(The entry below is taken from my userpage [Will3935]). I have found that sometimes unqualified people weigh in on Wikipedia articles, reducing the accuracy and quality of these articles in spite of their good intentions. Based on my experience, I believe these editors genuinely believe they are improving the articles they contribute to. The phenomenon reminds one of the deluded contestants who try out for American Idol and only end up humiliating themselves. When the judges offer sound criticism to these conterstants they tend to respond quite angrily. So it is, I have found, at Wikipedia. Being honest with these editors sometimes results in hard feelings on both sides. Perhaps I can prevent some of these hard feelings by sharing with you the criteria I try to abide by and subsequently expect of other editors. Before contributing, ask yourself the following questions:
1) Am I qualified to write? That is, do I possess a sufficient mastery of English to make a worthy entry in an encyclopedia? Am I aware that writing for an encyclopedia requires a set of skills not needed on a blog? If you are not a good writer consider running your proposed edits past those who do possess such skills before you make changes to an article.
2) Have I mastered the subject matter I am writing about? Reading a few books and articles about a subject does not necessarily make one sufficiently knowledgeable to address an issue in a reference work. This mastery of the subject must involve a thorough reading of many books and articles that express various views. Spending time talking to one's friends on a blog does not qualify one academically to contribute to an encyclopedia.
3) Am I willing to accept correction on matters of substance and style? Wikipedia articles are constructed by the consensus of a community of editors. Individual contributors can not expect to bypass this community and they must be willing to accept correction or criticism without getting angry and bitter.
4) Am I sufficiently confident in my edits that I do not believe I need to resort to sock puppetry or other violations of policy for my edits to stand?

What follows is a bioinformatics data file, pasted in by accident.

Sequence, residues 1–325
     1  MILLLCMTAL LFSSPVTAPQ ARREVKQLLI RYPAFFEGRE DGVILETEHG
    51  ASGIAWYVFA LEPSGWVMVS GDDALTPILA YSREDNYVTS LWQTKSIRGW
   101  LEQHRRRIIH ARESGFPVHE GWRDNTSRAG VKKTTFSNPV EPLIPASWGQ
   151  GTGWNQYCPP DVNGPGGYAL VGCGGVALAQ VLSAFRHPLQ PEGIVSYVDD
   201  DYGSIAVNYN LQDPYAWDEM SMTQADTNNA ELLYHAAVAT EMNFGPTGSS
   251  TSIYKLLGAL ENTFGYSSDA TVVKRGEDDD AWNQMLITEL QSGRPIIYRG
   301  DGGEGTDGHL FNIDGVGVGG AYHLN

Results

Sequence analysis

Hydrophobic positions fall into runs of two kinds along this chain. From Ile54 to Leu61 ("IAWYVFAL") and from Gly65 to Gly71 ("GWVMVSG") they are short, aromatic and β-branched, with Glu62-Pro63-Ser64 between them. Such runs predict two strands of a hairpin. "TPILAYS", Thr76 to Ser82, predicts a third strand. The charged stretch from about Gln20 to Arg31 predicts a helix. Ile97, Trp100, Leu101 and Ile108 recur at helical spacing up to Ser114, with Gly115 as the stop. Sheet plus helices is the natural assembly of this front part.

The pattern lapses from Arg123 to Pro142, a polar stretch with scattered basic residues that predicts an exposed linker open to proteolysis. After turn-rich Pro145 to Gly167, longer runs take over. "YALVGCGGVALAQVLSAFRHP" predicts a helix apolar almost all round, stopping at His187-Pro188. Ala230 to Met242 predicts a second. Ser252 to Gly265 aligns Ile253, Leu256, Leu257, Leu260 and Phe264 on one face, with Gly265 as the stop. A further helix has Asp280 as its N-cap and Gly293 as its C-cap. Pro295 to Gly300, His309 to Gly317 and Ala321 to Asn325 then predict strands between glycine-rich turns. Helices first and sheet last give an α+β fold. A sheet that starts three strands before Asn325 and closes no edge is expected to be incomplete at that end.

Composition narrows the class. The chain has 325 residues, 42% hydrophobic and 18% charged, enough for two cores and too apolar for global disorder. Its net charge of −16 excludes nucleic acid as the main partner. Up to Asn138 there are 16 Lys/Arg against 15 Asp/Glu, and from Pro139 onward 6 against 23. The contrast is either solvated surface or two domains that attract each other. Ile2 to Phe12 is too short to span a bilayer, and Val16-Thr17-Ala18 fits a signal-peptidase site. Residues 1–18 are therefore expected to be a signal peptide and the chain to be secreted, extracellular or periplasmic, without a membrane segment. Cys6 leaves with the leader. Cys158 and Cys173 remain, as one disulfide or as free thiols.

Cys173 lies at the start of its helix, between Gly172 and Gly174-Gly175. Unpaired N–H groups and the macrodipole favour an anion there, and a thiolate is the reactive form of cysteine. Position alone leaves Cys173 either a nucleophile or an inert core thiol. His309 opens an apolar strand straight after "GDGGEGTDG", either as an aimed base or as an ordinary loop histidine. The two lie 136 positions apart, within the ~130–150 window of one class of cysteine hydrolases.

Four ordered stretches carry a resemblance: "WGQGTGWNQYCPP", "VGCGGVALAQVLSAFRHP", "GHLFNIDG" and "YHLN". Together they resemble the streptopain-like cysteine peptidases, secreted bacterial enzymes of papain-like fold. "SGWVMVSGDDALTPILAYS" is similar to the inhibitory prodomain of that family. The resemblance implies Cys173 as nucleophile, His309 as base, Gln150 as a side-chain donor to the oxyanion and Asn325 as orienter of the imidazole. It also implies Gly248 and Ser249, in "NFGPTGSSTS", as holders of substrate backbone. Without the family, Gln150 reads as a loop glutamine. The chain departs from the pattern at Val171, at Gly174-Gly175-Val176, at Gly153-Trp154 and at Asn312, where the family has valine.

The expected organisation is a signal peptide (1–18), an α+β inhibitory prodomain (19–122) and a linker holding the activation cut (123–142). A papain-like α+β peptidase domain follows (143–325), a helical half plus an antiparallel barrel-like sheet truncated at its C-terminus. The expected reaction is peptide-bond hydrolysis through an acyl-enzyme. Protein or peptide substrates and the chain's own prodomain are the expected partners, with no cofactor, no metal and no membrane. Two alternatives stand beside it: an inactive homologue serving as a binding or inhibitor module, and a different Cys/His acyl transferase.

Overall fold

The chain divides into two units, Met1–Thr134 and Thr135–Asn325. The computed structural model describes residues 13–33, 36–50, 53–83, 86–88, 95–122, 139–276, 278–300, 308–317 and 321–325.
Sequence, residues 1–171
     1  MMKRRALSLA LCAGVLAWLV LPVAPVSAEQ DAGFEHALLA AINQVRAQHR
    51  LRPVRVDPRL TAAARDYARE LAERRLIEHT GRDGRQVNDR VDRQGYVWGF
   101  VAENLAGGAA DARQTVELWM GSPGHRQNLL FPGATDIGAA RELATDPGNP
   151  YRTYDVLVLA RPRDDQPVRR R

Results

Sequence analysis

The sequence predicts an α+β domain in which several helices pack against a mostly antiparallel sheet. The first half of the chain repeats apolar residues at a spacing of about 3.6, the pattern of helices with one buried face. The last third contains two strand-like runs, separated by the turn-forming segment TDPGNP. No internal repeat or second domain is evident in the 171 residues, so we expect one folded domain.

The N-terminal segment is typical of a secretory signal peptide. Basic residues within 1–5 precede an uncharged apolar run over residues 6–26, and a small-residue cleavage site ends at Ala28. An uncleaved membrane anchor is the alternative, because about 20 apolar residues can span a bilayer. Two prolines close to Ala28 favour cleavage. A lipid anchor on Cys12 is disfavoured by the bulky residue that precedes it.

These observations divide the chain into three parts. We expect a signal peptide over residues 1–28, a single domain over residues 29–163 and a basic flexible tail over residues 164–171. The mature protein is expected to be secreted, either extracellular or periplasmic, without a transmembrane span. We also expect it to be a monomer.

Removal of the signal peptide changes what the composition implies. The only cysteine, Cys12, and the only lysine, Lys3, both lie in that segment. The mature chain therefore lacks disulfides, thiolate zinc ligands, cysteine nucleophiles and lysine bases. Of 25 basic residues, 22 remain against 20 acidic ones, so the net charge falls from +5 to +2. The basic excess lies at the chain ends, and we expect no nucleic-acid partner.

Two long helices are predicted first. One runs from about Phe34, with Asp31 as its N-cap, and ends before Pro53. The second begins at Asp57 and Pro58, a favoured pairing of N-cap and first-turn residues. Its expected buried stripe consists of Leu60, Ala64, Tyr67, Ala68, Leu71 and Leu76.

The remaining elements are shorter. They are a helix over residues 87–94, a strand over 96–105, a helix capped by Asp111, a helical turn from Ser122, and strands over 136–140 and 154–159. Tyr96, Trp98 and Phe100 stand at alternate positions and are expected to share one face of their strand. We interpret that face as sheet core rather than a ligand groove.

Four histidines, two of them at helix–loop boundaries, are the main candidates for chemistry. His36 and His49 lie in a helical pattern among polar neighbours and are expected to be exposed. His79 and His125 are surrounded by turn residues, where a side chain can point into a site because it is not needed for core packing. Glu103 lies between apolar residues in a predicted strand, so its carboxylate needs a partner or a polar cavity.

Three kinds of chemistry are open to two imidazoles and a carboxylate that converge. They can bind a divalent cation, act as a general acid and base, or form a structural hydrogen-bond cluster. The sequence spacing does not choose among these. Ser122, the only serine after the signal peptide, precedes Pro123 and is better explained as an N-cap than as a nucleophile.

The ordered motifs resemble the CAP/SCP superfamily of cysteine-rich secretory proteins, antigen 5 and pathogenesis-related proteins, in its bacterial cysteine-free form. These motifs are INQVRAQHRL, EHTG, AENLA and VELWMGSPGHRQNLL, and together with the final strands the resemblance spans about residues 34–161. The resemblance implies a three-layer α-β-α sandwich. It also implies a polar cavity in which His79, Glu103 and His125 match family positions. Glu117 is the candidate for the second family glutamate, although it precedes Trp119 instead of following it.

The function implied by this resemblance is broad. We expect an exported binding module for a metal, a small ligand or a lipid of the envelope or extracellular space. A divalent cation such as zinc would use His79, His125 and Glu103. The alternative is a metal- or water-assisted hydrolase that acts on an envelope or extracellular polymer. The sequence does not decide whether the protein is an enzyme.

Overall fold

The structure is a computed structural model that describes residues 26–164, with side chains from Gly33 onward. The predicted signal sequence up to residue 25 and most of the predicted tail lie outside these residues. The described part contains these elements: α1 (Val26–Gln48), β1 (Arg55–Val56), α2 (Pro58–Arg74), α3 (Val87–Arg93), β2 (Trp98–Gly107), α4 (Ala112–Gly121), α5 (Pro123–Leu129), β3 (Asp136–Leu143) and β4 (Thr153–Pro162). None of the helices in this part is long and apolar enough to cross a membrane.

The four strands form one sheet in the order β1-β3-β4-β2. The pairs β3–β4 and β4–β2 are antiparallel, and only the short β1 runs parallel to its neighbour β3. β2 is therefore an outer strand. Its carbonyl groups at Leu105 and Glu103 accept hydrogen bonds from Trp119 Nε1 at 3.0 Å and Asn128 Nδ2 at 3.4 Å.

5) When engaged in an editing conflict with someone is my goal accuracy or victory? Wikipedia's purpose is to inform its readers not to boost the egos of its editors.Will3935 11:37, 1 March 2007 (UTC)
Talk After the Merge
The Emerging Church Movement and "Missional"
I do not know why some emergents contest the assertion that "missional" is ec jargon. If any of the editors on this article would like more data on that assertion (which I am convinced is correct), contact me on my userpage. I would be happy to discuss this further. An encyclopedia should be nothing more than an accurate reflection of the truth. Truth should never be censored from its pages to serve anyone's agenda. Furthermore, I don't see where the public exposure of facts about the usage of "missional" can hurt EC, especially since knowledgeable readers will already know this to be the case.Will3935 06:54, 1 March 2007 (UTC)
I agree with Will3935 above. At some point the entry needs a typology of how missional is used by different Christian groups. While it has been adopted by emergents, it clearly has its modern origins (early 1990s) in evangelical/Reformed circles (Guder, Hunsberger, Van Engen, etc.), which emphasize God's agency. Why is there a bibliography of "missional" criticism that actually is a critique of the emergent movement? There could be an emergent section, but it should not be everything.
- I agree with you that the term "missional" did not begin with the emerging church movement any more than "generous orthodoxy." Nevertheless, both terms have been coopted by emergents and have become almost exclusively associated with them in common, current usage. Furthermore, the few non-emergents who may use these terms do so in a way consistent with emergents. I think an entry that expands the article would be quite helpful. Nevertheless, since usage determines meaning I believe emergent usage has effectively "hijacked" the term. Do ask yourself, "What does "missional" denote and connote that "mission," "missionary," and disciple making do not"? If one is only speaking of "reaching out" why resurrect and "enslave" a little used term for concepts that are as old as the New Testament and have commonly been referred to by commonly accepted terms for a very long time? Simply put, "missional" is postmodern jargon. To the extent that Gruder and and Van Engen (not familiar with Hunsberger -- would be grateful if you list a title or two of his) use the term they use it to indicate a more postmodern approach. This postmodern approach has come to be known as emerging or emergent since "missional" churches see themselves as engaging with postmodernism in a more meaningful way. Just because the authors you cite are Reformed does not exclude them from being labelled "emergent." Mark Driscoll, for example, claims to be "emerging" (but not "emergent"). While "missional" and "emerging church movement" are not synonyms they are inseparable. Identifying "missional" with ec in this article does run the risk of appearing too simplistic, but I think it helps confused readers get to the bottom line. Though the article can use much tweaking, I believe the fundamental association with the emerging church movement is valid and cuts through some confusing aspect of this jargon's contemporary usage. Will3935 17:01, 2 March 2007 (UTC)